In a recent unanimous decision, the Appellate Division First Department provided clarity on the pleading requirements for policyholders seeking special or consequential damages allowed under the landmark decision of Bi-Economy Market v. Harleysville Insurance Company of New York, 856 N.Y.S.2d 505 (N.Y., Feb. 19, 2008). Under Bi-Economy, policyholders may seek special or consequential damages resulting from an insurance company’s failure to provide coverage if such damages were foreseen or should have been foreseen when the insurance contract was made. Id. at 508. In its prior ruling in Panasia Estates v. Hudson Insurance Company, the First Department noted that the “reference to such damages as ‘special’ in Bi-Economy Mkt. … was not intended to establish a requirement of specificity in pleading.” 889 N.Y.S.2d 452, 453 (N.Y.A.D. 1 Dept., Dec. 15, 2009). The ruling, however, left open the question of what pleading requirements policyholders had to meet in order to state a claim for special damages, a question that it recently answered in D.K. Property v. National Union Fire Insurance Company of Pittsburgh, PA, 2019 WL 237454 (N.Y.A.D. 1 Dept., Jan. 17, 2019).
In D.K. Property, the court held that “there is no heightened pleading standard requiring plaintiff to explain or describe how and why the ‘specific’ categories of consequential damages alleged were reasonable and foreseeable at the time of contract.” Id. at *2. Following the well-established standard that on a motion to dismiss the court must only determine whether the facts as alleged fit within any cognizable legal theory, the D.K. Property court reasoned that “the inquiry is not whether plaintiff will be able to establish its claim, but whether plaintiff has stated a claim.” Id. Accordingly, the proof of foreseeable consequential damages “should not be decided on a motion to dismiss and must await a fully developed record.” Id. This is undoubtedly the correct result, as consequential damages from a breach of contract have been recognized simply as a part of the measure of contract damages since Hadley v. Baxendale, 156 Eng. Rep. 145, 9 Ex. 341 (1854).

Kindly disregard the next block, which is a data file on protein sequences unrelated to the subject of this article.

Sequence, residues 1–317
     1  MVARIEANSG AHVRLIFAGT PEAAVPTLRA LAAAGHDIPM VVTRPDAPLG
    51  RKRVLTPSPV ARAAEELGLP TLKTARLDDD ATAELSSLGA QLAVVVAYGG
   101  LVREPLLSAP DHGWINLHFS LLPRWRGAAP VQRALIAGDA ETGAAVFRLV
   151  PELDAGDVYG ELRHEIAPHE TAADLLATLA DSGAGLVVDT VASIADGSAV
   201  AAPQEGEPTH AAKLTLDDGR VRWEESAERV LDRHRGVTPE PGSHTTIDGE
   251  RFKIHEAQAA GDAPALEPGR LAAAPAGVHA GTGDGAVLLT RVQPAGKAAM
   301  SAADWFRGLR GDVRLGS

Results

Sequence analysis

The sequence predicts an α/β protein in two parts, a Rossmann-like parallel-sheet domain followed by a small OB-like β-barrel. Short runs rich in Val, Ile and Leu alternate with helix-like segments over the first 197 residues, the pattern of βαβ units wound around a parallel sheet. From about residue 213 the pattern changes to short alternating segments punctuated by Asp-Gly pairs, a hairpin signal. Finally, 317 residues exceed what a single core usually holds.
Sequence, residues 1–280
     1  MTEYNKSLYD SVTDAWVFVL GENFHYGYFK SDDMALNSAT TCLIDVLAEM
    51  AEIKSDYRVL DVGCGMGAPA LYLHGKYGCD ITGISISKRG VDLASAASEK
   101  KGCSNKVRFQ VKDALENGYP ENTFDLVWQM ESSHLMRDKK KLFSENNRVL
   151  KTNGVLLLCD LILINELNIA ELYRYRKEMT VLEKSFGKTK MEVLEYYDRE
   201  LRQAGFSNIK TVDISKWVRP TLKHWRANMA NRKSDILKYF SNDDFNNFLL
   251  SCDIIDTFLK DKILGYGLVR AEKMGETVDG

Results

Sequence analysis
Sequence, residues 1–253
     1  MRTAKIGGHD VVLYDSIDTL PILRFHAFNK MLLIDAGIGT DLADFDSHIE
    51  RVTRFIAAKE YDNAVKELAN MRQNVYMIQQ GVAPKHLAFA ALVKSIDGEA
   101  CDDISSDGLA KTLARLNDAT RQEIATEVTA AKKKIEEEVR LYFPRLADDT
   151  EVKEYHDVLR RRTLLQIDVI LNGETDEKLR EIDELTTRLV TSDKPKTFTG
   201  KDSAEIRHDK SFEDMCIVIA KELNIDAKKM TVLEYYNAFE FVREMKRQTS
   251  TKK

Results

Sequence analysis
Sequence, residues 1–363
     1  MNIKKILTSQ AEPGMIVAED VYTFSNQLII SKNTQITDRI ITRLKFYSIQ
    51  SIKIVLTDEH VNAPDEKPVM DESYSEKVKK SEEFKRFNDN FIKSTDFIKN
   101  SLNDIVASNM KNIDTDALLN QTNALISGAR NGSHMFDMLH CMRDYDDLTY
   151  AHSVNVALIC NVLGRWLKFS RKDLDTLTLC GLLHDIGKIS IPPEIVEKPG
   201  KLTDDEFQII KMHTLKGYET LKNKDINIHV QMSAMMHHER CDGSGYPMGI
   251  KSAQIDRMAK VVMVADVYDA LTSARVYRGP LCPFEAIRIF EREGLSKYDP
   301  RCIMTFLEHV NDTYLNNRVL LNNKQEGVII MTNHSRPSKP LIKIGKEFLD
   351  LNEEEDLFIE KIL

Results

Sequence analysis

The D.K. Property decision is important for policyholders because insurance companies may employ dilatory practices in dragging out their investigation of a claim, such as unreasonable and burdensome information demands, unnecessary monitoring, data collection, inspections, and reinspections. Yet during this possibly lengthy investigation, the insurance policy generally requires that the policyholder, often at great expense, take all reasonable steps to protect the covered property from further damage by a covered cause of loss. The D.K. Property decision provides policyholders assurance that they will have an opportunity to develop evidence to support their consequential damages claims rather than have them prematurely dismissed in the early stages of litigation.
Reed Smith’s insurance recovery lawyers can help policyholder resolve disputes with their insurance companies, including recovery of foreseeable consequential damages that policyholders may have suffered because of their insurance company’s failure to provide, or delay in providing, insurance coverage. Even if you do not have any pending insurance claims, now may be the time to evaluate your existing coverages to see if you are adequately protected for future events that might affect your business. Reed Smith can assist you in reviewing your existing coverages to assess whether you have any gaps that should be filled. Please contact the authors of this Alert, any Reed Smith Insurance Recovery Group attorney, or any Reed Smith attorney with whom you routinely work with any questions.